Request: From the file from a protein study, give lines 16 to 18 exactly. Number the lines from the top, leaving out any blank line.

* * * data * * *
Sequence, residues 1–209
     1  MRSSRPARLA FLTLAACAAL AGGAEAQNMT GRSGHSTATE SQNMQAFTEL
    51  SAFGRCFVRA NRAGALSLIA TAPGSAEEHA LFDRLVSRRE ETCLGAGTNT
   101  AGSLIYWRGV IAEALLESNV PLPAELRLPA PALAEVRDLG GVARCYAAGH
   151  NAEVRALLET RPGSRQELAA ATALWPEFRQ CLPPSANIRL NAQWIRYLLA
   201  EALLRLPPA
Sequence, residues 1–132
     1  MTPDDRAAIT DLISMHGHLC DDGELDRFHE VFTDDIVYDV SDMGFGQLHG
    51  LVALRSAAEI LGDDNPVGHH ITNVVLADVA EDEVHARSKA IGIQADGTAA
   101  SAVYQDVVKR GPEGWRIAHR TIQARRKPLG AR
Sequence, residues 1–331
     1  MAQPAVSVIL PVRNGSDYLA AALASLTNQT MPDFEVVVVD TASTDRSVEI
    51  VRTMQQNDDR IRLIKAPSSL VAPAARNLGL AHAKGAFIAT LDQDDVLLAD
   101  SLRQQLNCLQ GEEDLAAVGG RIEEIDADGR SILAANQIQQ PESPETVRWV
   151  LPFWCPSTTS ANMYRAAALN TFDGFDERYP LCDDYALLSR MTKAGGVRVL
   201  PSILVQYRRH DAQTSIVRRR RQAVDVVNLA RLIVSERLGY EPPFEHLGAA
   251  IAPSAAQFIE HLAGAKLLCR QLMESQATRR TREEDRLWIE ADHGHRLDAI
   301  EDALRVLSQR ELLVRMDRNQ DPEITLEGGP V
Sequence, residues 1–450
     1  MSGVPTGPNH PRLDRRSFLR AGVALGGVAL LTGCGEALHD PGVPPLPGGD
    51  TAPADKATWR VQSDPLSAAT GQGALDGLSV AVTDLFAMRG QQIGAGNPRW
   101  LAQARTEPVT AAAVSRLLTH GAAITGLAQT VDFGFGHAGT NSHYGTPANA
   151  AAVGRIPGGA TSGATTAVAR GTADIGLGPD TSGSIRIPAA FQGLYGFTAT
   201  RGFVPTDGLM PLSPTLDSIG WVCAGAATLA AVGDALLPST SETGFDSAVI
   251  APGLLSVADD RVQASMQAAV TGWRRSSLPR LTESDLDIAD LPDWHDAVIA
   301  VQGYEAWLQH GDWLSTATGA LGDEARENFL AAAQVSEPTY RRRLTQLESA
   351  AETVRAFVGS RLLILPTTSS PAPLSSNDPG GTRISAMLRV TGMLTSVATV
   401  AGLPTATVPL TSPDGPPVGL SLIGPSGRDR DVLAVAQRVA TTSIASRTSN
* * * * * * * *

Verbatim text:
   201  PSILVQYRRH DAQTSIVRRR RQAVDVVNLA RLIVSERLGY EPPFEHLGAA
   251  IAPSAAQFIE HLAGAKLLCR QLMESQATRR TREEDRLWIE ADHGHRLDAI
   301  EDALRVLSQR ELLVRMDRNQ DPEITLEGGP V